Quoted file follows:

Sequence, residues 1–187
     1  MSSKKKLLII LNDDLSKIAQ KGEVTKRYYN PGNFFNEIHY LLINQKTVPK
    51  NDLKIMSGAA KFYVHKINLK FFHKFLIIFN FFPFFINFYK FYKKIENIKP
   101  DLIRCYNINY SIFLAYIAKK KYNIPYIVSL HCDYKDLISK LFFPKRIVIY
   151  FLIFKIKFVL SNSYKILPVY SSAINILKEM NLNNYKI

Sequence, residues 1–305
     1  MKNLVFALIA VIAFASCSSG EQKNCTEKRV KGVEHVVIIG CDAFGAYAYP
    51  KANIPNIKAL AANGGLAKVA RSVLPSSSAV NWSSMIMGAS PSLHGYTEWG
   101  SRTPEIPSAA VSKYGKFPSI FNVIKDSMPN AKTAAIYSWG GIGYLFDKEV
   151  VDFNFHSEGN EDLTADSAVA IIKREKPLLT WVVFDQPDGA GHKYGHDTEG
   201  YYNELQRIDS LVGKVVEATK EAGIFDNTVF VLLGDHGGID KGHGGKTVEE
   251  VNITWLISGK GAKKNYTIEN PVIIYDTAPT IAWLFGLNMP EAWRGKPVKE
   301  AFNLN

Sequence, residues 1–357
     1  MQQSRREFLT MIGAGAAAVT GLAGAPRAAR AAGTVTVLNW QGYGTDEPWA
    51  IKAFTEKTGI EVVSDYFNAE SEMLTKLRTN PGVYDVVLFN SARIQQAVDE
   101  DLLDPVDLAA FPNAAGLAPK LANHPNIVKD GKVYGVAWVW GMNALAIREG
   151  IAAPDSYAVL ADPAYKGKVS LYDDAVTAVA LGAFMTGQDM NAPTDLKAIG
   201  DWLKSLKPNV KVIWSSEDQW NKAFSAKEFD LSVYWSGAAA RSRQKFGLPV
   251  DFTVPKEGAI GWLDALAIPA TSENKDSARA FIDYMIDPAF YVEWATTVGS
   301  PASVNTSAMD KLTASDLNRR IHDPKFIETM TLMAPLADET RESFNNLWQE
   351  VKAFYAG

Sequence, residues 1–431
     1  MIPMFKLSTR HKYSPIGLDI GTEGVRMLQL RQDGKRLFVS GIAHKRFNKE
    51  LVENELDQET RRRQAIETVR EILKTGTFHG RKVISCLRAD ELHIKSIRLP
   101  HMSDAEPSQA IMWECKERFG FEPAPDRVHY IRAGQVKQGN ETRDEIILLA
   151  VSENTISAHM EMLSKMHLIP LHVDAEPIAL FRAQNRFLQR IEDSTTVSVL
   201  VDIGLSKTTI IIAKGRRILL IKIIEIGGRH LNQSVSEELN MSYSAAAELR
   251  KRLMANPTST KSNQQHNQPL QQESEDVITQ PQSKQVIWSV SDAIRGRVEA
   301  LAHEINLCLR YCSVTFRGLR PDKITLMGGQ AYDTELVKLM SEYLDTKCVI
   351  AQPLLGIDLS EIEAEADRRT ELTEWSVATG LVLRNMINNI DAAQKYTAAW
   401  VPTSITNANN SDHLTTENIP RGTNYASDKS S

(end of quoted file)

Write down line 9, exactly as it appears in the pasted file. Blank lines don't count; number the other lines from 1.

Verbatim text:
   101  SRTPEIPSAA VSKYGKFPSI FNVIKDSMPN AKTAAIYSWG GIGYLFDKEV